Giving its students a chance to take a break from their monotonous schedules and dismiss the stereotypes associated with a typical business school, Natak Brigade, the Dramatics Society of The Institute of Business Administration (IBA) organizes an inter-IBA drama competition every year. This year’s event, titled The Fringe, was held from 5th to 7th December at the IBA Main Campus.
With thirteen teams competing for cash prizes worth up to Rs.50,000, the event was headed by Zarmeen Adnan, a Junior at IBA. “Our main aim this year was to take the competition to a higher level with the quality of performances put up. We have given the participants full liberty to explore their potential through singing, dancing, acting, direction, and however else they want to convey their message, without any restrictions on content or category. Hopefully that will allow the audience to witness a great show,” said the President of Fringe 2016 prior to the event.
Welcoming notable guests such as director and scriptwriter Hamza Bangash, as well as actresses Suzain Fatima and Seerat Jafri, the plays were to be judged on the strength of the script, direction, sound effects, voice throw, and of course, acting. The only guideline given to the teams was to restrict their plays to a length of 25 minutes, after which they would receive brief remarks from the judges. While plays such as Iski Topi Uske Sar confronted grave issues like poverty and illiteracy in Pakistan, others such as Sufaid Cholay were more lighthearted and produced laughs throughout their duration.
Male chauvinism was also a popular topic, with Bharosa portraying the consequences faced by a girl at the hands of her own family for choosing to pursue education. Pulta Ulta, on the other hand, dealt with the issue of gender discrimination in the complete opposite manner. As its name suggests, the performance, directed by Osamah Alavi and Sobia Asif, showed reversed gender roles, with men doing household chores and also becoming victims of domestic violence. However, the turning point of the performance, which earned a standing ovation, was the use of a shadow dance to transform the gender roles back to their previous form, with the wife being beaten up by her husband. Team Pulta Ulta’s innovative act also won the award for Best Play.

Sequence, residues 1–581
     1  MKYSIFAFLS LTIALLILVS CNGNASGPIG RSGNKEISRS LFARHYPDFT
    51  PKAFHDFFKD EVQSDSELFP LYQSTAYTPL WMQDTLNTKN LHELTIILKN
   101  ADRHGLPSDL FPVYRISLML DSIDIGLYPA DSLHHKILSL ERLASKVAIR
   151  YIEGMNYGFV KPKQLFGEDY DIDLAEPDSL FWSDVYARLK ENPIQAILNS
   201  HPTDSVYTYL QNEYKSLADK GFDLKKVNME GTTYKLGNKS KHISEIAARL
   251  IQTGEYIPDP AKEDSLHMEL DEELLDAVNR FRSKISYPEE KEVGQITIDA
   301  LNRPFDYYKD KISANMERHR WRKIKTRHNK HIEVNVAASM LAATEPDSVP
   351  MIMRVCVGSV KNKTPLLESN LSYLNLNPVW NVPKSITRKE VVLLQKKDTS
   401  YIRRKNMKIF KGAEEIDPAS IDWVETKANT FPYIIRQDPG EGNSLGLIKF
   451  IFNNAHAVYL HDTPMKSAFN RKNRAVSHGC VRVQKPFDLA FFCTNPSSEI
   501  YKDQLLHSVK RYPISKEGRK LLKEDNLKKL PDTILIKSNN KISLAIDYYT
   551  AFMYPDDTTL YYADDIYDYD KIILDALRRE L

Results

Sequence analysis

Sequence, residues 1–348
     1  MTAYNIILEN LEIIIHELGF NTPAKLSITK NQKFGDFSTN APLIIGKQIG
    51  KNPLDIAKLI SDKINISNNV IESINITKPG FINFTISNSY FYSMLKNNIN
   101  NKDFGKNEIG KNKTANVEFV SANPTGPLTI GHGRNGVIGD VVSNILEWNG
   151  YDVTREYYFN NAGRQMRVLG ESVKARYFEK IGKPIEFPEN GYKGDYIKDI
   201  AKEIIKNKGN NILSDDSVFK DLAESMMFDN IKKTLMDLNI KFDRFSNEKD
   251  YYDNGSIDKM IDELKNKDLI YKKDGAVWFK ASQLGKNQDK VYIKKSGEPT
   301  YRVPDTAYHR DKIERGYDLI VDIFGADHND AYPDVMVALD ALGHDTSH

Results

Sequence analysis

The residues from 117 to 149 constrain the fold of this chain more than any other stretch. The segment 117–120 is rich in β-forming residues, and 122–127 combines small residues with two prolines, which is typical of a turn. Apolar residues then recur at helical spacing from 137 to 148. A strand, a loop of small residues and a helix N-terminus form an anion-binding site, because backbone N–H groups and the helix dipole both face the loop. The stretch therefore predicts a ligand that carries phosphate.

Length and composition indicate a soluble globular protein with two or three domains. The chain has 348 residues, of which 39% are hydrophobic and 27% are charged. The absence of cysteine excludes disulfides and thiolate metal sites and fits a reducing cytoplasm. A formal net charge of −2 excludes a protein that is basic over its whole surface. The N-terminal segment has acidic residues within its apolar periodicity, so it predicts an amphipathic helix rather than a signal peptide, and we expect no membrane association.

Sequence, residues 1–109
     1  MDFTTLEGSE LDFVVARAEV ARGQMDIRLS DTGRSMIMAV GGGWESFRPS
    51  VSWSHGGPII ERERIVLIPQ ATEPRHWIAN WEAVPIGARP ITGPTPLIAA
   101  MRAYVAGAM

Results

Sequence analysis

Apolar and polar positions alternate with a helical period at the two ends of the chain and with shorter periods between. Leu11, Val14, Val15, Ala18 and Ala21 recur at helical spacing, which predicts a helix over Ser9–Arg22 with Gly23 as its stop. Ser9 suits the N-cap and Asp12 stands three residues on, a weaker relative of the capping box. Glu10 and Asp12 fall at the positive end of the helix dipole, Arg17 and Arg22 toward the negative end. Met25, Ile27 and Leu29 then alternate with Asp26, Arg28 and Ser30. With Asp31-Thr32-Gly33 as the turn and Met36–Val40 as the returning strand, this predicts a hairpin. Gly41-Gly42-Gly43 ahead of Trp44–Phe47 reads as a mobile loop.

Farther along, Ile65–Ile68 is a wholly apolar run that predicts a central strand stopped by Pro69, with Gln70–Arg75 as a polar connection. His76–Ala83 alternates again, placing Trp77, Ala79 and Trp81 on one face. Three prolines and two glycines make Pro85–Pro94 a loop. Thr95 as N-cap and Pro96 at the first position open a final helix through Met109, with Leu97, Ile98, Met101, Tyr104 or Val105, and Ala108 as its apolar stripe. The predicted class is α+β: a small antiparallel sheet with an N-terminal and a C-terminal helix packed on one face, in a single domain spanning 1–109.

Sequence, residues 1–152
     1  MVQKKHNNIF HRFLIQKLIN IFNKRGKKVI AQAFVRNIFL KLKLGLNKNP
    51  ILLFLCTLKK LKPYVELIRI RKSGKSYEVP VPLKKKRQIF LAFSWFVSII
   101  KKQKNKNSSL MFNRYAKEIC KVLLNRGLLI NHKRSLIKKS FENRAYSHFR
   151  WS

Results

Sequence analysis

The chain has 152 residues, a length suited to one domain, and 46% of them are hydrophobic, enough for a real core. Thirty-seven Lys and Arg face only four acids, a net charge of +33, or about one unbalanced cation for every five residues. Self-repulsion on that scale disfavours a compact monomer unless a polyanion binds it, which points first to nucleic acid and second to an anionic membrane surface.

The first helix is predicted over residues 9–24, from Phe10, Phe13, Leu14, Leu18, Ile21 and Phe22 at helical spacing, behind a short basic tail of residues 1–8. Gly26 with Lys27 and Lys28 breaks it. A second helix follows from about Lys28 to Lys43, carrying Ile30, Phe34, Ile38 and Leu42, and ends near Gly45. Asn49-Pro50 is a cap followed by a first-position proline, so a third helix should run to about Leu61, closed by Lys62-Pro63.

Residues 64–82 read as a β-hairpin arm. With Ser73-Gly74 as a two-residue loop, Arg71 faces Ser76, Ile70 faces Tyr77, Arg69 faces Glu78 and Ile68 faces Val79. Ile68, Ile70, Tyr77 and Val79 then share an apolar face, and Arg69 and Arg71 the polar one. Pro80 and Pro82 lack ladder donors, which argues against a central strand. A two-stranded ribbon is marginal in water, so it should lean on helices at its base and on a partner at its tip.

The students of IBA also displayed their singing and choreography skills commendably. Ushba Khan, in particular, moved the audience with her take on Tujhe Sab Hai Pata Meri Maa. Adhoori Dastaan, inspired by terrorist attacks on innocent students, captivated the audience with an intense, slow-motion fight scene between a terrorist and a student. The play also stood out for its unique script, as most of it was written in the form of poetry.
While each team brought their best to the stage, one performance left an indelible impact that is sure to stay with the audience for a long time. Directed and written by Hurmat Kazmi, Buri Aurat was inspired by the real-life story of Qandeel Baloch, the social media sensation who was allegedly murdered by her own brother. The crowd was at the edge of their seats since the opening scene, where they witnessed three girls, each depicting a different phase of Qandeel’s life. Narmeen Ahmad gave a brilliant portrayal of Qandeel and deservedly took the Best Actress award. Be it the flashback technique, the imaginative dance sequence or the arresting final scene where the three different versions of Qandeel strangled themselves with chains, Buri Aurat was definitely a show-stopper. The play also bagged the awards for Best Director, Best Script, and Fringe Champions 2016. Thanks to its phenomenal response, Hassan Soomro, owner of Media City Productions, has approached the cast of Buri Aurat and expressed his desire to turn the play into a tele-film.
Satrangi was performed as the Host Play for the event. Starring Shah Hasan as ‘Aurangzeb’ and Samad Hanif as ‘Moosa’, Satrangi showed a vicious cycle of betrayal. The director, Sohaib Inaam, did an exceptional job in executing the play, especially with the intense murder scene where Aurangzeb was stabbed to death with blood splattering all across the stage. The play had a clearly thought-out script, taking the audience to increasing levels of intensity. Depicting the wrath of opportunists and providing closure to each character, the performance ended on a rather dark but very real note.
Hosted by the Manager of Natak Brigade, Pireh Shafiq, the third and final night of the event opened with an award ceremony, followed by a series of qawwalis featuring Afzal Sabri and paying tribute to the late Amjad Sabri. The crowd singing along with Afzal Sabri and swaying to the sounds of tabla and harmonium gave the perfect ending to an event that was filled with energy and positive vibes since day one.
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